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Retirement accounts under fire in grey divorces

Minnesotans may plan for retirement but they do not always plan for divorce. Unfortunately, a divorce can wreak havoc on retirement account if couples do not follow the certain steps at divorce or at least prepare for the possibility of divorce.

One Minnesota resident felt this blow first hand. The man and his wife were married for 30 years and had big plans of a shared retirement. Now that the couple is divorced and without two retirement accounts, the man finds himself living on a much tighter budget and with limited finances.

As more and more couples get divorced at a later age, a complex property division issue is now with retirement funds. When a marriage ends, assets are generally split up or cut in half and distributed to the parties involved. The key is making sure the property division is fair but this is not always an easy decision.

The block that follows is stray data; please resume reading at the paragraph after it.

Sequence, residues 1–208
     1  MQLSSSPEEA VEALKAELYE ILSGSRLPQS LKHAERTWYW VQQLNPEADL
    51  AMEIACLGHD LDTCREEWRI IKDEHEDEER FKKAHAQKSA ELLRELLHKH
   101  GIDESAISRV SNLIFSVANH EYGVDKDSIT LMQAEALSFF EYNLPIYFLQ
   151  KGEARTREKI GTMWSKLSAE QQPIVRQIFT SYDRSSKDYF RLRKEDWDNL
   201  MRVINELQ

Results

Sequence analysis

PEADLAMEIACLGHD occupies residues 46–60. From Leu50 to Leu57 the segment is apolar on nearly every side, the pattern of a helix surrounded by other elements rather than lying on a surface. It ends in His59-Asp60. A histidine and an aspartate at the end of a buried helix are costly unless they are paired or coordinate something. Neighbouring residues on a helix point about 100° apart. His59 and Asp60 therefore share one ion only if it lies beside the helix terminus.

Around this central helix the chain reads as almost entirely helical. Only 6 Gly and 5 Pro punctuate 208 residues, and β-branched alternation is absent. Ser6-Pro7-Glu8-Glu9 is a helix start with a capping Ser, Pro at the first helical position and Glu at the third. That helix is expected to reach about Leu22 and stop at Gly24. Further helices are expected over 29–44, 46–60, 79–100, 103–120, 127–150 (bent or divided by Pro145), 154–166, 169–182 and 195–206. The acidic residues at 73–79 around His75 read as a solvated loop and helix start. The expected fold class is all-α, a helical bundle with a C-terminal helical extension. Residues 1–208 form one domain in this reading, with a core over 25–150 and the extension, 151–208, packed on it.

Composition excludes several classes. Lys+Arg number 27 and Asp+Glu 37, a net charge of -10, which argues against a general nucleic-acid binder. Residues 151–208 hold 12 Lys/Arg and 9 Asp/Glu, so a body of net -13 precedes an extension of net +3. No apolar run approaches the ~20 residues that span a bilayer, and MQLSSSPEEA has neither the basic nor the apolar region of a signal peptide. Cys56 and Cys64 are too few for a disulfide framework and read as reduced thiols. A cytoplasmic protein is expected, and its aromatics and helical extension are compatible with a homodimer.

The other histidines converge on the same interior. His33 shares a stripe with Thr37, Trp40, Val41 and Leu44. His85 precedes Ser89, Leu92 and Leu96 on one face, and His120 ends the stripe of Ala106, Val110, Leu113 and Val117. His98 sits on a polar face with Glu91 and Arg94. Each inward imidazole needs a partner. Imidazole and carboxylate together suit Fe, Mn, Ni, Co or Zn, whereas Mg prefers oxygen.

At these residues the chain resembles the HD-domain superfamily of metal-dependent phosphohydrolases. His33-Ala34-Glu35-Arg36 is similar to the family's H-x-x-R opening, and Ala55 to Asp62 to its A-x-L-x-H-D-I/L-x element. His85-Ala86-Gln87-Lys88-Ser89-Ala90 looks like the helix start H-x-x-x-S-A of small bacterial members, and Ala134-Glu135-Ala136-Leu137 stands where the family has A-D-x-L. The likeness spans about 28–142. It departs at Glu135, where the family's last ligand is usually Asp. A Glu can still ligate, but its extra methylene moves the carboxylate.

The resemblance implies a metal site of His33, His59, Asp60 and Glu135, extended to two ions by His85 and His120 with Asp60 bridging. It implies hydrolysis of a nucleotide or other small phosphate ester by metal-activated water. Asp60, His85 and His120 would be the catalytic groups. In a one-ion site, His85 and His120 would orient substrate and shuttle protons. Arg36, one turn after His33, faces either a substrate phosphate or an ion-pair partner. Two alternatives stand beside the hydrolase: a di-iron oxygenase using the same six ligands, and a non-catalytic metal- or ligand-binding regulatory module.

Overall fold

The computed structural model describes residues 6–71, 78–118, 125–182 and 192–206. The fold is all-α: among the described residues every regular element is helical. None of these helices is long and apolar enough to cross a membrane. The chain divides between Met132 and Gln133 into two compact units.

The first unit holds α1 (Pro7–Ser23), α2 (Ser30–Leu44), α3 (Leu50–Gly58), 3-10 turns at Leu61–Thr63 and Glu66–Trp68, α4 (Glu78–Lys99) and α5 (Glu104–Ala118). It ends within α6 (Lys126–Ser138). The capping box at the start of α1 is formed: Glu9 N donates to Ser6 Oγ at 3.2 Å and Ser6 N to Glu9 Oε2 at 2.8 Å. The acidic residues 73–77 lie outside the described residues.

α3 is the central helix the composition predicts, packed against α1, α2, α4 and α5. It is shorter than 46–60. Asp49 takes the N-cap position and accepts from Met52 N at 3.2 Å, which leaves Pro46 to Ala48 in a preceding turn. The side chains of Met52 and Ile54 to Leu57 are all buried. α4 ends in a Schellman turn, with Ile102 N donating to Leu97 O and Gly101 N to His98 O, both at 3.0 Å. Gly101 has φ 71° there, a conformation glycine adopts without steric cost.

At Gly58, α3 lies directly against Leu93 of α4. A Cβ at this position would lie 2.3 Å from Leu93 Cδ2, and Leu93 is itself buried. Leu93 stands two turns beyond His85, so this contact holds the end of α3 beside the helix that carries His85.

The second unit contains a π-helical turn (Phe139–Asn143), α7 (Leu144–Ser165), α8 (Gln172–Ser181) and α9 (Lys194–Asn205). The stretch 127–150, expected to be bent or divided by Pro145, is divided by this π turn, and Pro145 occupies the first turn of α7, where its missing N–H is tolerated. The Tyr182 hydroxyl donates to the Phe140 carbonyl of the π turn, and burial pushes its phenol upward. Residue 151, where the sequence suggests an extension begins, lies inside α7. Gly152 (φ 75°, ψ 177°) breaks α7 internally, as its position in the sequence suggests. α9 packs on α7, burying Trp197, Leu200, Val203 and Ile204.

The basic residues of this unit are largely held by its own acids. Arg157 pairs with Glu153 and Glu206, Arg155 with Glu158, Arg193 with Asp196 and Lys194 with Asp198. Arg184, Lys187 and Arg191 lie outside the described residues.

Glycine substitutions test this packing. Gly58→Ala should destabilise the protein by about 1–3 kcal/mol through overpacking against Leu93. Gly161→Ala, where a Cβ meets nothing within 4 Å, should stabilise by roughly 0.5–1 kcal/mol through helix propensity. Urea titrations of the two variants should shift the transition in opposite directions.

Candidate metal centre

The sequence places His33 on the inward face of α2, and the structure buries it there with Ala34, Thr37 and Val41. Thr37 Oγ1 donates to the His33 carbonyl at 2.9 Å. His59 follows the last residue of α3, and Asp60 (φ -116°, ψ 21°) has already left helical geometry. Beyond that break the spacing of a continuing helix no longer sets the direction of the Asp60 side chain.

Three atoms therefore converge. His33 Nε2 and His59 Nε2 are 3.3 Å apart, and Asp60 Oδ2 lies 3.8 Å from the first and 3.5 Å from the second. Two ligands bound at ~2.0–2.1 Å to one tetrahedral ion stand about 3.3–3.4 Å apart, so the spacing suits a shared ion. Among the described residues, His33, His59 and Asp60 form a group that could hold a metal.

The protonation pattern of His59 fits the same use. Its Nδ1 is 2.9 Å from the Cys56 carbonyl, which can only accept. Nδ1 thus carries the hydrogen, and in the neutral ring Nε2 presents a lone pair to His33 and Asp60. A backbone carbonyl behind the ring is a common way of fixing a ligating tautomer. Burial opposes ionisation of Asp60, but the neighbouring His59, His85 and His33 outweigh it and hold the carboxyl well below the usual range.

One spouse may have an especially big pension or defined contribution plan, while the other spouse does not. If the have-not spouse does not argue for his or her share of these benefits, then that person may be in trouble when it comes time to retire. As many of these divorces happen later in life, it is harder for people to catch up and build up their retirement portfolios to a pre-marriage state.

Furthermore, not all benefits and assets may come to light during divorce settlement talks. For this reason, many couples find it wise to include a provision in the settlement agreement that covers any overlooked assets that may be realized later on. Such a provision prevents spouses from missing out of later-discovered assets.

Social Security is another point that can be easily overlooked. If the parties have a large disparity in income, it may be a big blow for the lower-earning spouse not to get half of their ex's Social Security benefit. This can be addressed during settlement negotiations as well.

Divorce can be an emotional charged time. But couples can do themselves a favor and avoid rash, short terms decisions and think big-picture along the line of future living expenses and retirement needs.

Source: Columbus CEO, "Retirement Plans Thrown Into Disarray By a Divorce," Constance Gustke, June 27, 2014

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